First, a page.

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Walker Percy Wednesday 173

The question must arise then: If triadic activity is overt behavior and as such is the proper object of investigation of a factual behavioral science and is not formulable by the postulates and laws of conventional behaviorism, what manner of “postulates” and “laws,” if any, would be suitable for such a science? Or is the…

Walker Percy Wednesday 170

The longer we think about it, the more mysterious the simplest act of naming becomes. It is, we begin to realize, quite without precedent in all of natural history as we know it. But so, you might reply, is the emergence of the eye without precedent, so is sexual reproduction without precedent. These are nevertheless…

Walker Percy Wednesday 169

THE MYSTERY OF LANGUAGE LANGUAGE IS an extremely mysterious phenomenon. By mysterious I do not mean that the events which take place in the brain during an exchange of language are complex and little understood-although this is true too. I mean, rather, that language, which at first sight appears to be the most familiar sort…

Walker Percy Wednesday 168

The American Christian novelist faces a peculiar dilemma today. (I speak, of course, of a dilemma of the times and not of his own personal malaise, neuroses, failures, to which he is at least as subject as his good heathen colleagues, sometimes I think more so.) His dilemma is that though he professes a belief…

Walker Percy Wednesday 167

In view of the triumphant and generally admirable democratic-technological transformation of society, what is the ground of the novelist’s radical disquiet? Can the charge be brought against him, as Harvey Cox has accused the existentialists, of being an anachronism, one of the remnant of nineteenth-century “cultivated personalities” who, finding no sympathetic hearing from either technician…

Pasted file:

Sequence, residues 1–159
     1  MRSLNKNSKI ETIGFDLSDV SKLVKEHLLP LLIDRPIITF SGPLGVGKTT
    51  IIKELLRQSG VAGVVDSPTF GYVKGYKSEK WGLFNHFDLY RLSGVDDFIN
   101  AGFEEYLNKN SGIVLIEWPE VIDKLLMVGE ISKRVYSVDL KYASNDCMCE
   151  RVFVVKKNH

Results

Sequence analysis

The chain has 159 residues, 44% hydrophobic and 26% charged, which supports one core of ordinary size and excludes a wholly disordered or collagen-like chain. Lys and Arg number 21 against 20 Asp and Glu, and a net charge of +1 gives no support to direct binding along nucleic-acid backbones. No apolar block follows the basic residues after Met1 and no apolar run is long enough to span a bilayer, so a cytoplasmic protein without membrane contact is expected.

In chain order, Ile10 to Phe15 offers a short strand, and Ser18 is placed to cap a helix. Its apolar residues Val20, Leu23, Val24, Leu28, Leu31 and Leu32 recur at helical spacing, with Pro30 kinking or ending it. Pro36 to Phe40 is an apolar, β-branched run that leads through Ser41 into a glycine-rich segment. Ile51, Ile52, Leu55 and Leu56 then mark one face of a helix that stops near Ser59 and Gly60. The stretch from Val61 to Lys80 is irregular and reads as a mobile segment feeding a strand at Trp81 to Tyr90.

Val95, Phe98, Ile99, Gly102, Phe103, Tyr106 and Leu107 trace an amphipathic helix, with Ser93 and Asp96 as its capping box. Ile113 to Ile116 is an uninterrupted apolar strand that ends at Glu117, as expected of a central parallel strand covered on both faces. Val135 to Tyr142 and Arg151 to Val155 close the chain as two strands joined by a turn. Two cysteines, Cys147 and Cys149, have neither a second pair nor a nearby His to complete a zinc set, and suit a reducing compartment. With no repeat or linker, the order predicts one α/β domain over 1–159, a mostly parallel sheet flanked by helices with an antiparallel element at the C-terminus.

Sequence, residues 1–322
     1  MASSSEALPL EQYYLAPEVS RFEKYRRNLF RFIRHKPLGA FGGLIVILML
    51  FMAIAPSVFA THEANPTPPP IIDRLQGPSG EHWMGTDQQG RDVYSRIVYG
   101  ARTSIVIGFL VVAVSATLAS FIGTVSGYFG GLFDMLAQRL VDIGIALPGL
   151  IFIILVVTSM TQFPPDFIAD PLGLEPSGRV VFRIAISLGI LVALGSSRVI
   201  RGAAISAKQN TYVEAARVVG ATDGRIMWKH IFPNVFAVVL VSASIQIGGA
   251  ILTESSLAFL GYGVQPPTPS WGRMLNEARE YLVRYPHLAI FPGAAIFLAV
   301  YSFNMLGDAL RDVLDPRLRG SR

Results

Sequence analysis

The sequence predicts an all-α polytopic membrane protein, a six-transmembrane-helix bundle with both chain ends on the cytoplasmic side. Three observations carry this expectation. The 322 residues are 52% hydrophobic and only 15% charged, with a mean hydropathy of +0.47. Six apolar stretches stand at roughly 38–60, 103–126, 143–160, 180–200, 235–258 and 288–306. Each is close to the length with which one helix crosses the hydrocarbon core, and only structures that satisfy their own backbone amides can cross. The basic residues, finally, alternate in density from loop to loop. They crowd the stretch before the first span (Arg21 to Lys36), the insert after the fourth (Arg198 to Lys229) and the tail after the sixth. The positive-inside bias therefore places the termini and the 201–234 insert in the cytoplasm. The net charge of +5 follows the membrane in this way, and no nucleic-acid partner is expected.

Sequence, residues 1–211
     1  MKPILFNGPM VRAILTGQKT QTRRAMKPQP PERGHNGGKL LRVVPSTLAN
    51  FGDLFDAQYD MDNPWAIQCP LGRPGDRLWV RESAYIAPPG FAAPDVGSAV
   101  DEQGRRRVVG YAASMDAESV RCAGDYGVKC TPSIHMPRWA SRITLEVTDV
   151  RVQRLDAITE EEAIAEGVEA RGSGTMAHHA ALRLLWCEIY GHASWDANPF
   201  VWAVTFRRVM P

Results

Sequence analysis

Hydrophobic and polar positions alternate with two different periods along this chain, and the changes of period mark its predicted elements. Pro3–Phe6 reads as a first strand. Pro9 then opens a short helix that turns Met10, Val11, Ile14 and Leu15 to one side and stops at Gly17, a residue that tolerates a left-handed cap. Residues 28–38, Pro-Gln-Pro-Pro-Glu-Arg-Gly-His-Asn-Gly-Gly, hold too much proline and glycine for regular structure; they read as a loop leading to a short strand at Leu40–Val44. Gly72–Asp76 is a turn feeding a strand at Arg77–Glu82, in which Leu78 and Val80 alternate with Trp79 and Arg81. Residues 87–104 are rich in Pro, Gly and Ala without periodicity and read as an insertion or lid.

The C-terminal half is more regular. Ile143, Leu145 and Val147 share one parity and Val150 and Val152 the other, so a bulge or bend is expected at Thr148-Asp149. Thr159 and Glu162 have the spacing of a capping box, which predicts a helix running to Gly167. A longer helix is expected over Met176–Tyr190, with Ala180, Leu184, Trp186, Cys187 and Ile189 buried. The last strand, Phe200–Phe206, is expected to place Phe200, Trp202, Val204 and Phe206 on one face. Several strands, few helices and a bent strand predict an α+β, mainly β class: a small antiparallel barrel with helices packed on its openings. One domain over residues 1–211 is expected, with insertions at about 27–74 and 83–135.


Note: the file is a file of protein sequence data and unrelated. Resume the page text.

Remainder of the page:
Walker Percy Wednesday 166

Since true prophets, i.e., men called by God to communicate something urgent to other men, are currently in short supply, the novelist may perform a quasi-prophetic function. Like the prophet, his news is generally bad. Unlike the prophet, whose mouth has been purified by a burning coal, the novelist’s art is often bad, too. It…

Walker Percy Wednesday 165

NOTES FOR A NOVEL ABOUT THE END OF THE WORLD A SERIOUS NOVEL about the destruction of the United States and the end of the world should perform the function of prophecy in reverse. The novelist writes about the coming end in order to warn about present ills and so avert the end. Not being…

Walker Percy Wednesday 164

A man riding a train may incarnate alienation (the commuter) or rotation (i. e., the English variety: “I was taking a long-delayed holiday. In the same compartment and directly opposite me, I noticed a young woman who seemed to be in some sort of distress. To my astonishment she beckoned to me. I had planned…

Walker Percy Wednesday 163

The road is better than the inn, said Cervantes-and by this he meant that rotation is better than the alienation of everydayness. The best part of Huckleberry Finn begins when Huck escapes from his old man’s shack and ends when he leaves the river for good at Phelps farm. Mark Twain hit upon an admirable…

Walker Percy Wednesday 162

THE MAN ON THE TRAIN THERE is no such thing, strictly speaking, as a literature of alienation. In the re-presenting of alienation the category is reversed and becomes something entirely different. There is a great deal of difference between an alienated commuter riding a train and this same commuter reading a book about an alienated…